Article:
Survival Rates Are Up In Area Cardiac Arrests
LifeNet, Inc. recently released its 2016 Annual Report on Out-of-Hospital Cardiac Arrests, a major health problem in the United States.
The emergency medical services corporation saw survival rates increase this year to 23 percent, up from 16 percent in 2015.
"I'm very proud of our efforts to maximize the chances of survival in cardiac arrest. As the report illustrates, we have invested heavily in training and equipment and we will continue to do so," said David Baumgardner, LifeNet director. "I believe the numbers are marginally better. and that's really what you want. We are just making the effort to try and be better."
Throughout the LifeNet service area, which includes Texarkana, Hot Springs and Payne County, there were 846 nontraumatic cardiac arrests.
Resuscitation was attempted on 314, and 72 (23 percent) of those survived to be discharged from the hospital.
In Texarkana, resuscitation was attempted on 128 of the 447 patients who suffered sudden cardiac arrest. Of those patients, 84 were taken to the hospital and 34 patients survived to discharge,for a survival rate of 27 percent. The national average in this overall survival category is 6 to 8 percent.
According to the report, between 300,000 and 400,000 sudden deaths occur annually in the U.S., and approximately two-thirds of these victims are older than 65. Every 29 seconds someone in the U.S. has a heart attack, and every minute someone dies from one. Sudden cardiac arrest is responsible for 30 percent of all nontraumatic deaths and 50 percent of all coronary artery disease-related deaths.
Timely treatment is key to survival.
The likelihood of shocking someone back to a normal heartbeat declines 7 to 10 percent per minute, with an estimated probability of 70 to 80 percent the moment sudden cardiac arrest happens. If someone isn't shocked within 10 minutes of the event, the likelihood they'll survive approaches zero.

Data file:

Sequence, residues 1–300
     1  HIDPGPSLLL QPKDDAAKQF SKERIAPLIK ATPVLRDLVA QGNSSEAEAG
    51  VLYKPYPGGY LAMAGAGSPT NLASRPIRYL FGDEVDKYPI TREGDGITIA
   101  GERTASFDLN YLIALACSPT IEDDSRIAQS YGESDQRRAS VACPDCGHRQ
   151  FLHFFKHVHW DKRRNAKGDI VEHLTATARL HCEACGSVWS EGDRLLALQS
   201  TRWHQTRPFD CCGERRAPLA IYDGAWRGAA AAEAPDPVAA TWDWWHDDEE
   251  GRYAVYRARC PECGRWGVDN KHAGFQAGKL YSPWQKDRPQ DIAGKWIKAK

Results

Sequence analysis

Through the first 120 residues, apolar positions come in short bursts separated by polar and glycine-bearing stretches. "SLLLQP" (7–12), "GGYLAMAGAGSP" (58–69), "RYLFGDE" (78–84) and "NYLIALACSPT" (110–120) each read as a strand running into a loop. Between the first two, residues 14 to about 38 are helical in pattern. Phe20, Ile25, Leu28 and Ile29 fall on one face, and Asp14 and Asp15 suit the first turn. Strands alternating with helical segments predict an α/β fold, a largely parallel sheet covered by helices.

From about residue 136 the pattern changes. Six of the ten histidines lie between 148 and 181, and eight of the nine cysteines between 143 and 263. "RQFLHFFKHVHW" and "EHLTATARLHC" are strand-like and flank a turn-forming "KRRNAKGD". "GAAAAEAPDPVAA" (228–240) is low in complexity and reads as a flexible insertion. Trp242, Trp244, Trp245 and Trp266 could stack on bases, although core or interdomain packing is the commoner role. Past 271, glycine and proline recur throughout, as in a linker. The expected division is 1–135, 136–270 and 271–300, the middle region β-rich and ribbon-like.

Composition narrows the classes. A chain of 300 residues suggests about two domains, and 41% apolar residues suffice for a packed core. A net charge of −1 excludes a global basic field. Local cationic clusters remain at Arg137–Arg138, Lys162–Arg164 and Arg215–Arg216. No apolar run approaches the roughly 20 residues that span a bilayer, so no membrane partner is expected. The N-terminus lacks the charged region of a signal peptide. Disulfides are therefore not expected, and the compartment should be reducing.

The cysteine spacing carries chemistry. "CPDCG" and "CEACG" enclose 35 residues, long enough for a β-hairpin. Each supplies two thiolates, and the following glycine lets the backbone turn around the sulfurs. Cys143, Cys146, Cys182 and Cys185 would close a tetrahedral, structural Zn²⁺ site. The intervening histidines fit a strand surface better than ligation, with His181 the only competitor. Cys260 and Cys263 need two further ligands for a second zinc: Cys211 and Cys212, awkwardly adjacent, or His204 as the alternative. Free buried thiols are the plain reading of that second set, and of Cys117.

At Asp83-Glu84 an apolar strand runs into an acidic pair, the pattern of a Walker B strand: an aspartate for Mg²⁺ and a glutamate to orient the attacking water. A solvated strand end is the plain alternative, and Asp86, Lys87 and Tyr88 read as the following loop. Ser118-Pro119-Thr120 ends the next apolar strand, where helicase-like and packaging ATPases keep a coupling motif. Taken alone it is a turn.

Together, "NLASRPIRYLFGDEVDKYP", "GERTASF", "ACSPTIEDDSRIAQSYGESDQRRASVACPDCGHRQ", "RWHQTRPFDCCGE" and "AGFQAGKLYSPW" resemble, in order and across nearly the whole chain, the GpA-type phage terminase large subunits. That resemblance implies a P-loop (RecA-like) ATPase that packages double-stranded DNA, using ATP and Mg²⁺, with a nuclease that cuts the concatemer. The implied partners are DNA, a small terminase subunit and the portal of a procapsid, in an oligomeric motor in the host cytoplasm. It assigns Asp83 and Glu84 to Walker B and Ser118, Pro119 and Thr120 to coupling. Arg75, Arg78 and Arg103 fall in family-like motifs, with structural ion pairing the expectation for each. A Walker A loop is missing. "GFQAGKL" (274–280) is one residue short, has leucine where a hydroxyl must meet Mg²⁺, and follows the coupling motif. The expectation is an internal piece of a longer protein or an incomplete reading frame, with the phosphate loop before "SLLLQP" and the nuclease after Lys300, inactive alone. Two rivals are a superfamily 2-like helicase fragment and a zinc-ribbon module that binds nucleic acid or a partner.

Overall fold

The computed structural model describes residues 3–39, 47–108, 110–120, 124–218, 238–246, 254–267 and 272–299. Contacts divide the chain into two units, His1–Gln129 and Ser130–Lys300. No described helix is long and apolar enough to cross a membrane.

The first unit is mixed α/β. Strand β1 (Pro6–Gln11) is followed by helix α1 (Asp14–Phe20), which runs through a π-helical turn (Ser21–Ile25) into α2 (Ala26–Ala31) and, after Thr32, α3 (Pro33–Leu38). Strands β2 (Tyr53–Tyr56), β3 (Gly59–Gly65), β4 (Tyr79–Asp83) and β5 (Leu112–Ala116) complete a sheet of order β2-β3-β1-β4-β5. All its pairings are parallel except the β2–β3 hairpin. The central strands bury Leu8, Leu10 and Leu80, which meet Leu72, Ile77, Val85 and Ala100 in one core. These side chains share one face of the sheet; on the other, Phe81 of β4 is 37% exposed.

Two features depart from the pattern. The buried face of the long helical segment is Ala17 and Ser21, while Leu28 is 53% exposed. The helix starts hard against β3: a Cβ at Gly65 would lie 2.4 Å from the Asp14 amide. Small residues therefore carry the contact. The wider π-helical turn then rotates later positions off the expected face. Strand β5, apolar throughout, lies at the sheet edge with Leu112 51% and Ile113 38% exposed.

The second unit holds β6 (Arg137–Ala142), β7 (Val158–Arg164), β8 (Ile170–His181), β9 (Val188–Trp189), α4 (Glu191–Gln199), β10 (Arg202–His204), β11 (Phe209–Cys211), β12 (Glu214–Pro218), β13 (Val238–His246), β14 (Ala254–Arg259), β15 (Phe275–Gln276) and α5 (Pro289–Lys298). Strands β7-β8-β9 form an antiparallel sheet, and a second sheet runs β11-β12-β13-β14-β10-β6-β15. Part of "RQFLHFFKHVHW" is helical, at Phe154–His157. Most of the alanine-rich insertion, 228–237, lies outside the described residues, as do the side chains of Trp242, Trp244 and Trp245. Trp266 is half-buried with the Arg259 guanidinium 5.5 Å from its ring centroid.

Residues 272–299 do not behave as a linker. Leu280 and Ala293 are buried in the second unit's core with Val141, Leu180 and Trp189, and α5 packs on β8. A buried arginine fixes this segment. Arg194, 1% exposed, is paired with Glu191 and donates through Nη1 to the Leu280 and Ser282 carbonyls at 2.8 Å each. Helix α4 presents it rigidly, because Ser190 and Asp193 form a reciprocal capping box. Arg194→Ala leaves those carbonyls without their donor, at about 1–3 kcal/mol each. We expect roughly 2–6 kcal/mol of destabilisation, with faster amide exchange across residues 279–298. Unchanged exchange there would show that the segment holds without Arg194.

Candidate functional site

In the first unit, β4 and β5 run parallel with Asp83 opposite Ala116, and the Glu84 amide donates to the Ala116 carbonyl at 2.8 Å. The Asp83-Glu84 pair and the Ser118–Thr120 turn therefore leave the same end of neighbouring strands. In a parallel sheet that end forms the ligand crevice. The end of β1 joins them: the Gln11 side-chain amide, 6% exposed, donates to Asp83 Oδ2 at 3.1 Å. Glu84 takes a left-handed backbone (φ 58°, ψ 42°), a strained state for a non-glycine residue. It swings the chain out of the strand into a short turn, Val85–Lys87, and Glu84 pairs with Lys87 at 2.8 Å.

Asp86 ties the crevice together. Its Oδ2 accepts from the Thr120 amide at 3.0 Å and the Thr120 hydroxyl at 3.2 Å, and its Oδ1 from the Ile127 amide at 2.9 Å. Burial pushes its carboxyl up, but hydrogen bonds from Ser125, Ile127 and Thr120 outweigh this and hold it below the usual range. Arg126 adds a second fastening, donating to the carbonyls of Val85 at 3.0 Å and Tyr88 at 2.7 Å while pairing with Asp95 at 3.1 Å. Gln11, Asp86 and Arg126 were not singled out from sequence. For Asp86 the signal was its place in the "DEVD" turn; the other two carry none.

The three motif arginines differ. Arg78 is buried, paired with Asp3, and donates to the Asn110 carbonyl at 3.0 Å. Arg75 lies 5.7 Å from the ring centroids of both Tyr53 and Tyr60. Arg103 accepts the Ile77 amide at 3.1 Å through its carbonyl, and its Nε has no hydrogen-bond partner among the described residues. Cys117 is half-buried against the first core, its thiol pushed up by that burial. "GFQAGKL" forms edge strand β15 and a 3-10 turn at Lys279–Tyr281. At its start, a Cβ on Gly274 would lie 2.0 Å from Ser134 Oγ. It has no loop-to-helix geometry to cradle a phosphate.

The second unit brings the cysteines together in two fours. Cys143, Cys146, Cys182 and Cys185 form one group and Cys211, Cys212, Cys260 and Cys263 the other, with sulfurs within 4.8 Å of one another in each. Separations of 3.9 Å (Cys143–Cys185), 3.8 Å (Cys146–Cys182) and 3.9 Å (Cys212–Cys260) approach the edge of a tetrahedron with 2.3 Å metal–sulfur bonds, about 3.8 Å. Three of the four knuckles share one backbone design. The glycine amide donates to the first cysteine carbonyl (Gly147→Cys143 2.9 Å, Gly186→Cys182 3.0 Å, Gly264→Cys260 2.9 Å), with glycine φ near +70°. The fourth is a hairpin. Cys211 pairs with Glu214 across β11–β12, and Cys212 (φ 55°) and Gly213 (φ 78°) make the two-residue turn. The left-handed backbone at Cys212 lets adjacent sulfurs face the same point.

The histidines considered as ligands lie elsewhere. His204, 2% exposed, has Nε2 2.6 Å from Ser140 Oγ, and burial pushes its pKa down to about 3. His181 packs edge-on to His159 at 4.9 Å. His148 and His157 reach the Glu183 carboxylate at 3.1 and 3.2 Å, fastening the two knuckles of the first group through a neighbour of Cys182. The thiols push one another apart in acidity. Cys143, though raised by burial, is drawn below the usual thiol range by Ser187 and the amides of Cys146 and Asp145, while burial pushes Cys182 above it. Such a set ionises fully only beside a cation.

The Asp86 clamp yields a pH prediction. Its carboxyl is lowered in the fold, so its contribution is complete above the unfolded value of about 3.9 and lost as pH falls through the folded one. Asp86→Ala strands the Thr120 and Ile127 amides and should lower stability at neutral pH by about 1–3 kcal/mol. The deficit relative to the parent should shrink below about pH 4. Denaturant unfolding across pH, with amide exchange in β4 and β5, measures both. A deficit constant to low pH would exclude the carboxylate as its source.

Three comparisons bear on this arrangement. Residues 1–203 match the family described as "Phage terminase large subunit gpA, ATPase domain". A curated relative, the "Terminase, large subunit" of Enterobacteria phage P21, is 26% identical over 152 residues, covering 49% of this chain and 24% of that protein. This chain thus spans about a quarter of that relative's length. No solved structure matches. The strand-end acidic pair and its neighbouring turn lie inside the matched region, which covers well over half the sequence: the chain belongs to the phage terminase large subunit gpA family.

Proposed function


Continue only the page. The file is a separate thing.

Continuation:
There are a couple of things the community can do to help improve survival rates.
"There are two things that make the biggest difference. One of them is the individual person learning CPR," Baumgardner said. "With CPR nowadays, you don't have to mouth-to-mouth anymore. That probably scared some people away from wanting to learn how to do it. It's mainly just hands-on compressions and it makes a huge difference. not only doing it but doing it right."
"The second thing is electricity from an automated external defibrillator. A patient in ventricular fibrillation needs their heart restarted because what's going on is the rhythm is chaotic. It's not able to perfuse blood to the brain. In theory, you fix it by stopping the heart and letting it start again in a perfusing rhythm and the only way to do that is electricity," Baumgardner said. "We want to get those AEDs out there in the community. We encourage businesses and churches to consider purchasing an AED."
"Learn CPR and add an AED to your business. That would have a huge impact and it has had a huge impact. If you look at some of the people resuscitated in the last year it was because somebody did CPR other than us and somebody had an AED other than us or the fire department. It works. The report shows it works," Baumgardner said.
LifeNet has been measuring and reporting sudden cardiac arrest statistics since 2005. The full report is available to the public at Lifenetems.org.
Survival rates for previous years are:
Story Credit: http://www.texarkanagazette.com/news/texarkana/story/2017/mar/05/survival-rates-are-area-cardiac-arrests/664214/